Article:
Arabnews24.ca:Wednesday 5 October 2022 09:28 PM: The NHS has issued an urgent call for blood donors from the black community to help treat sickle cell.
Sickle cell is a blood disease which disproportionately affects people of African or Caribbean heritage and has become the fastest growing genetic condition in the UK.
It causes red blood cells to form into sickle or crescent shapes and become stuck in blood vessels, causing agonising crisis episodes, and serious or even fatal long-term complications including organ damage and strokes.
Many patients need frequent blood transfusions just to stay alive.
NHS Blood and Transplant (NHSBT) said that a record level of blood donations are needed every day to treat people with sickle cell disease, with demand rising by around 67% over the past five years
Daily, some 250 donations are needed to help people with sickle cell, up from 150 donations five years ago.
Demand is being driven as patients live longer and the increase in complete blood transfusions which improve results for patients.
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Currently the NHS is only able to provide transfusions that match patients' blood types just over half the time.
This leaves other patients being treated with the universal blood type, O negative, which, though clinically safe, can eventually lead to complications.
Some 55% of black people have a Ro blood type, compared to 2% of the wider population.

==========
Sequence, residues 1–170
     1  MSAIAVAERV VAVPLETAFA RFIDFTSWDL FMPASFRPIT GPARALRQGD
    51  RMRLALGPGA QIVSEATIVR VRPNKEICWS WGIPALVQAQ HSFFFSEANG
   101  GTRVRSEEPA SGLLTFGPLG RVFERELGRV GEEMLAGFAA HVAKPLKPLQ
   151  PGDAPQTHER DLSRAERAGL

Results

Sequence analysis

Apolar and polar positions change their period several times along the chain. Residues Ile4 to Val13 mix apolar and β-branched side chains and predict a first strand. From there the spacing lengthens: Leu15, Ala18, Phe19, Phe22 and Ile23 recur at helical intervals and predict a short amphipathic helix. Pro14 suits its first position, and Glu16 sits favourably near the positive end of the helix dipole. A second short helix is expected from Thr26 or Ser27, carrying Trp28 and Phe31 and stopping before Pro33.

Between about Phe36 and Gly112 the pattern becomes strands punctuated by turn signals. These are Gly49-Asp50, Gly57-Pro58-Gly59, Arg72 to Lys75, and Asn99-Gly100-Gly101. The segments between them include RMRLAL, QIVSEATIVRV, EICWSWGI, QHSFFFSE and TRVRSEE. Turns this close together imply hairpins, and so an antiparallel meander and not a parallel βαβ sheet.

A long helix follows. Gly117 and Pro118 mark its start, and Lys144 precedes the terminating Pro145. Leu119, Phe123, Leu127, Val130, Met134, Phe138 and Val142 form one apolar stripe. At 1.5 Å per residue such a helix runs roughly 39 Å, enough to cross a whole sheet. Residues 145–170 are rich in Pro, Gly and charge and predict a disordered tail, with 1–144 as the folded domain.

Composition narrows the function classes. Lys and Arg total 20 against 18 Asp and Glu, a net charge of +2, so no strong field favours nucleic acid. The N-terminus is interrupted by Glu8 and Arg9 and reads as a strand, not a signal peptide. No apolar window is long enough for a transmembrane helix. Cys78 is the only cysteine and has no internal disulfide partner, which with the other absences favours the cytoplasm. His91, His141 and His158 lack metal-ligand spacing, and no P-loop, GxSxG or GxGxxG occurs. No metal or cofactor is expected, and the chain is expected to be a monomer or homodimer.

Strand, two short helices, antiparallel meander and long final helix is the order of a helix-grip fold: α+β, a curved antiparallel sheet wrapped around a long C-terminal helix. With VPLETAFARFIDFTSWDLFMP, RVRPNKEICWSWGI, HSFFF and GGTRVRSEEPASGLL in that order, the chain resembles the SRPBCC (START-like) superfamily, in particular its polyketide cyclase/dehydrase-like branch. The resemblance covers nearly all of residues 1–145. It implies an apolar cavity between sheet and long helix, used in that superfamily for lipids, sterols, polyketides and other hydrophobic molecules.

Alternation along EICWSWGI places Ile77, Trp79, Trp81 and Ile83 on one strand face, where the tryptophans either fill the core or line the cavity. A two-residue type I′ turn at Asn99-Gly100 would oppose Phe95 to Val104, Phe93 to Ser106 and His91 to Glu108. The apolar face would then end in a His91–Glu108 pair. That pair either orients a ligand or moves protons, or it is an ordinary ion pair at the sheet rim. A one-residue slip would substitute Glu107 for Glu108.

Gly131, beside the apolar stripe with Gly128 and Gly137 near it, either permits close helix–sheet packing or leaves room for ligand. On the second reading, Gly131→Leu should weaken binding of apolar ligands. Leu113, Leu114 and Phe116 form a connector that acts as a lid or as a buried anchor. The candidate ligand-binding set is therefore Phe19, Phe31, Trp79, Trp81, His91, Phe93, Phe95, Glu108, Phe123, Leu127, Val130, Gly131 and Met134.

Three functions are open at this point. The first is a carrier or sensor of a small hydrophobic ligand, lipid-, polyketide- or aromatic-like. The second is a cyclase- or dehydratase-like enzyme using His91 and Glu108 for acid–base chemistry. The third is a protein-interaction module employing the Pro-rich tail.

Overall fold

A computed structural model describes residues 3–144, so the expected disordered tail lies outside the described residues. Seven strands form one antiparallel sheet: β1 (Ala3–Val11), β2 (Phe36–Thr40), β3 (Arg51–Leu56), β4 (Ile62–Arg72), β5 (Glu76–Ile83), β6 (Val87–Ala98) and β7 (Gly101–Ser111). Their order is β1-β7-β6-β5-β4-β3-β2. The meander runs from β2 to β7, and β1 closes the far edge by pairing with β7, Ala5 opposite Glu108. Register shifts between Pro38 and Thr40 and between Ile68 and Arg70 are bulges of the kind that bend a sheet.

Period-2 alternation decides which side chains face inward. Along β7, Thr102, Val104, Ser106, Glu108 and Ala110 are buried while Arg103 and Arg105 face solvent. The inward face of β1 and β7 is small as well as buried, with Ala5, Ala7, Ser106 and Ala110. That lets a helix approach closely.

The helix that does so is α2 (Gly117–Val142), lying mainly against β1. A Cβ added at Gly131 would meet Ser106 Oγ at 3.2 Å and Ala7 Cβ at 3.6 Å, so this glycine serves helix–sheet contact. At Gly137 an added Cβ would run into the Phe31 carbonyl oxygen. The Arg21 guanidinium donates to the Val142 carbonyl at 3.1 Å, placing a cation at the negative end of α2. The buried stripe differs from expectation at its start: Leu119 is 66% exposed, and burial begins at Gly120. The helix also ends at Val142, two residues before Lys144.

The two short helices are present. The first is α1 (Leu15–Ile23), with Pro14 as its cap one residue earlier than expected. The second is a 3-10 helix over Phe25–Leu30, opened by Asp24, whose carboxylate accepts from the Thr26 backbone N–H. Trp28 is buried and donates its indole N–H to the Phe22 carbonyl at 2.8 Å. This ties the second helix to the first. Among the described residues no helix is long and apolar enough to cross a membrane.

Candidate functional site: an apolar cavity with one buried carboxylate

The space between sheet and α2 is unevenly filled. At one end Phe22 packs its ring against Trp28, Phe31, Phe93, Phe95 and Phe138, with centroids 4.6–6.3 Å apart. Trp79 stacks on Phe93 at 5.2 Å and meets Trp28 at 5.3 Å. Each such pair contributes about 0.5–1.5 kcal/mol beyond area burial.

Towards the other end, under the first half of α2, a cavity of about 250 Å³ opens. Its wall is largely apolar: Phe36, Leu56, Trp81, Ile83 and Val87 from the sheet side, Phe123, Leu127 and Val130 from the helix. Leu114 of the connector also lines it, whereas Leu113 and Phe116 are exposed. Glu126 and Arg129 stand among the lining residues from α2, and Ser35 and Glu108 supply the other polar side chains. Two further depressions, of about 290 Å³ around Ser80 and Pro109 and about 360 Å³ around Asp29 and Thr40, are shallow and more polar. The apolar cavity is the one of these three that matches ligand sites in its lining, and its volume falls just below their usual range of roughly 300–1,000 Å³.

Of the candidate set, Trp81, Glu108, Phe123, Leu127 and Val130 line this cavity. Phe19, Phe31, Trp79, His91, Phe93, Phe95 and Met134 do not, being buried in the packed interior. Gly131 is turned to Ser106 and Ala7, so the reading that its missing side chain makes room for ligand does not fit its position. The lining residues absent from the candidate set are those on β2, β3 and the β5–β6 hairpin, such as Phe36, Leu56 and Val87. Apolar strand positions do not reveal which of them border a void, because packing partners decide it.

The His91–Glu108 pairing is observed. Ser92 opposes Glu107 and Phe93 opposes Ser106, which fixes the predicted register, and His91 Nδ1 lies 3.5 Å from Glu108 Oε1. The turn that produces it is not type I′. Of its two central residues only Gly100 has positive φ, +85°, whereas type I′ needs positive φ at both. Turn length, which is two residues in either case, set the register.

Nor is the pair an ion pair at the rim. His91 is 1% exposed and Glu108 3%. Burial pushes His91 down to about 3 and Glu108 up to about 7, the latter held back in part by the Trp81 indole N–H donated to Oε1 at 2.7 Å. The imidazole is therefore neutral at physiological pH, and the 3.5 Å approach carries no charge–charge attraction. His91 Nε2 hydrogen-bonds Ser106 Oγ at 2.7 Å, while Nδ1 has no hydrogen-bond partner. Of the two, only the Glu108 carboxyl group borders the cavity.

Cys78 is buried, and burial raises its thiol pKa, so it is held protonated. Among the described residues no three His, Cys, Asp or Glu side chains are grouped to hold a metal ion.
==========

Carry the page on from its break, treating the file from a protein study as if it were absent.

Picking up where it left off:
Lanre Ogundimu from South London has sickle cell and nearly died in 2018 from an adverse reaction to a blood donation.
Although the major blood groups were matched, she reacted to a minor blood group and the lack of ethnically-matched blood increases the risk of these reactions.
Lanre, a radio producer, said: "I can't receive blood as a standard treatment anymore. Well-matched blood from within the black community can be the difference between life or death."
Cherrelle Lawrence, a Senior Biomedical Scientist at NHSBT's blood matching lab in London, said: "Matched blood is vital for sickle cell patients to reduce the risk of serious complications. People from the same ethnic background are more likely to have matching blood.
"There is a rise in black people donating blood, but we urgently need more to become regular donors. Giving blood is easy, quick and safe - and you will save and improve lives."